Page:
Tob Control 15:i5-i11 doi:10.1136/tc.2005.015412
  • Research paper

Economic burden of smoking in China, 2000

  1. H-Y Sung1,
  2. L Wang2,
  3. S Jin2,
  4. T-W Hu3,
  5. Y Jiang2
  1. 1Institute for Health & Aging, School of Nursing, University of California, San Francisco, California, USA
  2. 2National Center for Public Health Surveillance and Information Services, Chinese Center for Disease Control and Prevention, Beijing, China
  3. 3School of Public Health, University of California, Berkeley, California, USA
  1. Correspondence to:
 Hai-Yen Sung
 PhD, Institute for Health & Aging, UCSF, 3333 California Street, Suite 340, San Francisco, CA 94118, USA; Hai-Yen.Sung{at}


    Objective: To assess the health-related economic burden attributable to smoking in China for persons aged 35 and older.

    Methods: A prevalence-based, disease-specific approach was used to estimate the smoking attributable direct costs, indirect morbidity costs, and costs of premature deaths caused by smoking-related diseases. The primary data source was the 1998 China National Health Services Survey, which contains the smoking status, medical utilisation, and expenditures for 216 101 individuals.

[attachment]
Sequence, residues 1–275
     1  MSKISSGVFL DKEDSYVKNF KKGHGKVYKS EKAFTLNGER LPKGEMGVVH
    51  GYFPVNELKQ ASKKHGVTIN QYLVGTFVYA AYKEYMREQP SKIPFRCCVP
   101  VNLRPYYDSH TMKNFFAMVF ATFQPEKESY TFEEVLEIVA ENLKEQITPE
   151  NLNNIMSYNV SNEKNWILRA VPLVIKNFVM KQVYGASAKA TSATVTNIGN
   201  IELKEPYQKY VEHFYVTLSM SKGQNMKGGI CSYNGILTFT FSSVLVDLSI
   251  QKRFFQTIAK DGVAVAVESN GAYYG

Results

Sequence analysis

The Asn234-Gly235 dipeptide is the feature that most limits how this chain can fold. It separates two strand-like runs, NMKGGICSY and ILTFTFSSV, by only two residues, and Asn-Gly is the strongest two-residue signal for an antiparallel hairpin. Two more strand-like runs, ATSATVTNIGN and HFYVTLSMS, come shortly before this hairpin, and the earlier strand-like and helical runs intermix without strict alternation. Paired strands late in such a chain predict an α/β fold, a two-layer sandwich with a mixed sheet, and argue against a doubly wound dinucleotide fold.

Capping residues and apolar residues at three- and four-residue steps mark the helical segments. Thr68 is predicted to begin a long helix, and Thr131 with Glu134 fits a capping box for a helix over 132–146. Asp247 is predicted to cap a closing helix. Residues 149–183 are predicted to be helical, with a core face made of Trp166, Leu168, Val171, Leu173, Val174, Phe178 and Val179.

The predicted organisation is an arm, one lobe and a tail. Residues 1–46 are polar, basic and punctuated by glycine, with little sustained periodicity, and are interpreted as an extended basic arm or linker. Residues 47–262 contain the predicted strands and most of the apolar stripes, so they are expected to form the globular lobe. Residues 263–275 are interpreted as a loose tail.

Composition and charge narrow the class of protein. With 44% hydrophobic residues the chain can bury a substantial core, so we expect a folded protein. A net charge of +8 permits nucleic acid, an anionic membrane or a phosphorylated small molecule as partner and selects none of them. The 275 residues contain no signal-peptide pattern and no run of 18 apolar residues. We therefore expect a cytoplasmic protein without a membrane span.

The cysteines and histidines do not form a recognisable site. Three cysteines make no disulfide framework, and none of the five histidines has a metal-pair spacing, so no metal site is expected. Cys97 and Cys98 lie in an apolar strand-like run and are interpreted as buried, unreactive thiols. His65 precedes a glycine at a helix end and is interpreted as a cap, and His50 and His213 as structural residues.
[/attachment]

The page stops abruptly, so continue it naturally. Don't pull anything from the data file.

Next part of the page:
Results: The economic costs of smoking in 2000 amounted to $5.0 billion (measured in 2000, US$) in total and $25.43 per smoker (⩾ age 35). The share of the economic costs was greater for men than women, and greater in rural areas than in urban areas. Of the $5.0 billion total costs, direct costs were $1.7 billion (34% of the total), indirect morbidity costs were $0.4 billion (8%), and indirect mortality costs were $2.9 billion (58%). The direct costs of smoking accounted for 3.1% of China’s national health expenditures in 2000.

    Conclusion: The adverse health effects of smoking constitute a huge economic burden to the Chinese society. To reduce this burden in the future, effective tobacco control programmes and sustained efforts are needed to curb the tobacco epidemic and economic losses.


    • Competing interests: None

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